TheFourth of July is one of my favorite celebrations of the year and here in theNorth Okanogan we’re lucky to have both the Chesaw Fourth of July Rodeo and theOroville Community Fireworks at Deep Bay Park.
Somewhere along the way certain factions have tried to sell us on the idea that hydropower is not a clean, renewable source of energy — yet every year the cycle of snow in the mountains and melt in the spring renews the waters that our hydroelectric system turns into clean, electric power. Because of this cycle and the mighty Columbia River and its tributaries we in the Pacific Northwest from B.C to Oregon, are truly blessed.
Why was no one hugging that very old, very big tree that has been a landmark on Highway 20 since anyone around here can remember?
This last week we lost a landmark…the “Old Pine Tree” on Highway 20.
The Department of Transportation (DOT) had it cut down and removed. I did some calling and according to the DOT a tree specialist determined the age of this historic Landmark tree to be 163 years. They also told me that the reason for cutting this Landmark tree down was traffic safety. But folks, we all know that there have been many accidents near the Landmark “hangin’ rock.
I would like to respond to the letter in last week’s paper over the concern about “wasted gas used by our school, for a field trip to Spokane.”
All year long, a volunteer group of parents has been in place to help support the staff and students, and help raise funds for educational activities for our Oroville Elementary students, it is called E.P.E.C. Our goal is to bring awareness of just how important being involved in our student’s education really is. Students do better when they have the support from parents and their community.
We all would like to be recognized for our hard work, and rewarded for it. Why should our students feel any different? This particular field trip was used as a motivational tool to give the children a goal, because of their hard work in math, reading and science. Every class had a certain goal to achieve, and given a reward for it.
To our friends: On May 1, about 100 Lutes – just a few of the many in our PLU community that would have liked to come – traveled to Tonasket to honor the life of one of our own, Brady Cooper Freeman. What we quickly learned was that Brady was not ours alone – but Brady was a beloved member of a large family,
As I was coming home from Tonasket, I was dismayed to see that the big pine tree that I grew up with was gone, leaving nothing but an ugly stump and a memory. That tree has been a historical landmark for as long as I can remember, which is a very long time. My mother and dad used to tell me stories about the Indians that used to camp under it and that it was known as a birthing tree.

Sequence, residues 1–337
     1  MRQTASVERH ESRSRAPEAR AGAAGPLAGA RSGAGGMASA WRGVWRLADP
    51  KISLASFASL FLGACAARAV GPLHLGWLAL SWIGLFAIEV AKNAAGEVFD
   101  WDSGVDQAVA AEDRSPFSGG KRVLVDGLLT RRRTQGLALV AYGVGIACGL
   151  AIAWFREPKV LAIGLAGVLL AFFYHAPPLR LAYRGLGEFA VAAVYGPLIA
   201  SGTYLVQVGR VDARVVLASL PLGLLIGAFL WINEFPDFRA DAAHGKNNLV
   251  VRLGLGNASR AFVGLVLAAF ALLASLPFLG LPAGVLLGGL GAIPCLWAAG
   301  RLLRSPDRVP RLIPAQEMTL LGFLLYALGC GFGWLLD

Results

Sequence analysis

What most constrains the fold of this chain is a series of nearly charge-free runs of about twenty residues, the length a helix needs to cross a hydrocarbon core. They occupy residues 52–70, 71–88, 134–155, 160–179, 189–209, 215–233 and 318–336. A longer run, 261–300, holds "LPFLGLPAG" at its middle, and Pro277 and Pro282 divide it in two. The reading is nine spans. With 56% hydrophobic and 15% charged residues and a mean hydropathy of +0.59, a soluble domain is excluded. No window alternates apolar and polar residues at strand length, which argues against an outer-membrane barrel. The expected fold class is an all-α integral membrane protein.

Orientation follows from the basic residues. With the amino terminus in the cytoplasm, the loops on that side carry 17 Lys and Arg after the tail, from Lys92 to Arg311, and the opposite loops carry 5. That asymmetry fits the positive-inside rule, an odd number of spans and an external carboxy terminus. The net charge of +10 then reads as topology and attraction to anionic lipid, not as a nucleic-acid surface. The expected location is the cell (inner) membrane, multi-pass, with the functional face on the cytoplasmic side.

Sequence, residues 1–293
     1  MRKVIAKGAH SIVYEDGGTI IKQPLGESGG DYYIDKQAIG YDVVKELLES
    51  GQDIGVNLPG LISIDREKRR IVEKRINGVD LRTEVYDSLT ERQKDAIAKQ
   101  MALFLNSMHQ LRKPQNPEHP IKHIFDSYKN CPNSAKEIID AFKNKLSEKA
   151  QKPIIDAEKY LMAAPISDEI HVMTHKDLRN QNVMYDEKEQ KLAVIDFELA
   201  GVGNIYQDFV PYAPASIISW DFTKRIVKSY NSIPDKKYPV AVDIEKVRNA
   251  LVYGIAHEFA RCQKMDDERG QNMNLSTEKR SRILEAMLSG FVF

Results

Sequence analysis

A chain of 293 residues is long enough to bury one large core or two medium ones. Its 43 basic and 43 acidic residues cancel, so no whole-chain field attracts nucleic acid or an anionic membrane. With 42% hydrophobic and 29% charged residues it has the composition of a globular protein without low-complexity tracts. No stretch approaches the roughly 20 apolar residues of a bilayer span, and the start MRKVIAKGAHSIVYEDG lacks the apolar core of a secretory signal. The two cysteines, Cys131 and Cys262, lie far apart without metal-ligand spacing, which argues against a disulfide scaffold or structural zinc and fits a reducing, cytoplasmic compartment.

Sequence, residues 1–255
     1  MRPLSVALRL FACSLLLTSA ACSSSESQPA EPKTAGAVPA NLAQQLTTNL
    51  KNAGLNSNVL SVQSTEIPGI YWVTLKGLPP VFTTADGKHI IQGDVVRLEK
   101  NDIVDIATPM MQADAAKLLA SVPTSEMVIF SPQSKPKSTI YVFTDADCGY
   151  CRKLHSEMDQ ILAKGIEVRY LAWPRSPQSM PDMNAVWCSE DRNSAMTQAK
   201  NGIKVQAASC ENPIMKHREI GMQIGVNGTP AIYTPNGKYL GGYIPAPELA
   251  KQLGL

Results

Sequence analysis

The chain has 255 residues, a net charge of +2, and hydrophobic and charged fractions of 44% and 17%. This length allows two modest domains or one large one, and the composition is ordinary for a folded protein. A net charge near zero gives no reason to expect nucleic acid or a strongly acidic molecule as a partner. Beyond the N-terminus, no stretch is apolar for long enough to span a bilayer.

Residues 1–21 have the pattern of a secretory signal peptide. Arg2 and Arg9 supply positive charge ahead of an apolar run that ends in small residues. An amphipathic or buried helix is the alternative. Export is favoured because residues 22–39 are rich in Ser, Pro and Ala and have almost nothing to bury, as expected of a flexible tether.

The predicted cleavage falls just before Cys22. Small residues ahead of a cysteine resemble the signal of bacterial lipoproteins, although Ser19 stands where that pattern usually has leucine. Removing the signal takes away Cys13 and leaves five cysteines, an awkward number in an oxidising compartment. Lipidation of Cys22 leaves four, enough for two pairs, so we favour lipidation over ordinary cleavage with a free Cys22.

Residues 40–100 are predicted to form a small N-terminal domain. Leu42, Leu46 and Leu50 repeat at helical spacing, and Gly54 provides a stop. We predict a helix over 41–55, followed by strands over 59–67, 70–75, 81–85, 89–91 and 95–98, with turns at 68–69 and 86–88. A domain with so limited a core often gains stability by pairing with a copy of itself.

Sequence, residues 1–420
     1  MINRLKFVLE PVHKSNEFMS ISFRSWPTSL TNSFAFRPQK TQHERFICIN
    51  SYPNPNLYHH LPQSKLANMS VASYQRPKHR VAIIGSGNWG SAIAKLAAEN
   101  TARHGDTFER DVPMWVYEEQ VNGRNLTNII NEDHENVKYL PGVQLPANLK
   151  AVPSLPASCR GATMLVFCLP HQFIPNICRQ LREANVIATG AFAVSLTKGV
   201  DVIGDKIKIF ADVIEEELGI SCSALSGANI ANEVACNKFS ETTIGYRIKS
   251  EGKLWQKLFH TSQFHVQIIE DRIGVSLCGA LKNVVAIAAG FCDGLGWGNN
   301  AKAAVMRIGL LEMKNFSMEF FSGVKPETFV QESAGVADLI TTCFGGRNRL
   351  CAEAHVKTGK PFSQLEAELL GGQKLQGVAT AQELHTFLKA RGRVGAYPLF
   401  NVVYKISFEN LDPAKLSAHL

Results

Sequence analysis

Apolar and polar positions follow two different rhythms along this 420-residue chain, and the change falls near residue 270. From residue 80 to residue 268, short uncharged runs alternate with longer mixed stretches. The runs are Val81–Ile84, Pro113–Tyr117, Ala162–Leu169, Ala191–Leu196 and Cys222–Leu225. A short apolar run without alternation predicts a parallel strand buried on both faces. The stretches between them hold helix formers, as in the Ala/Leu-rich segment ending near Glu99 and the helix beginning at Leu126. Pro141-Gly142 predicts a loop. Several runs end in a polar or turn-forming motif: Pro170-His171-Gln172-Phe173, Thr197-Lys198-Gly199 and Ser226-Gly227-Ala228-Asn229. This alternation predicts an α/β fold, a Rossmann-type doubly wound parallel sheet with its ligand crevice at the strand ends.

The wind was barely blowing but the cloud gray skies told us an extra coat would be the order of the day.
I wish someone would have told all our young teen royalties that it was not going to be a day of open shouldered evening gowns on a float on a street that runs north with a light south breeze. My bet, some are still shivering and drinking warm liquids to dissolve the goose bumps!
It’s hard to imagine from a far place how many can cram this little Hamlet to see the same sights they’ve seen for the last umpteen years. When you think of it. Sure the newer designs of the floats may change some. But the folks and their grandkids are the same as reflected in the looks of their faces and body structures of generations that began in this new place in the mid-1800s. And there is a lot to be said for tradition and remembrance of what has preceded us.
I am rather disappointed, Mr. Billing, that you did not claim ownership to your title as Administrator of Mid Valley Hospital in last week’s editorial in the Omak Chronicle titled “Consider Consolidation.” The readers would then have more clearly recognized that the article was written from the competitive edge point of view rather than having consideration for the medical needs of the communities in the North Okanogan Valley.
Statistics reflect the fact that for every six miles between the patient and the hospital the risk of death increases by 1%. For those patients who live in Oroville, Chesaw, or Loomis and even Tonasket, consolidation decreases their chance for survival in an emergent situation.
I have just read Reva Eisenbarths letter (Gazette-Tribune, May 1, “Concerns still haven’t been addressed”) which was a response to an earlier letter I had written. Though not intended to, it seems to have struck a nerve. I wish to make it very clear that I am NOT responding to the contents of her letter. To respond would have crossed over into the negative side, which I choose not to do.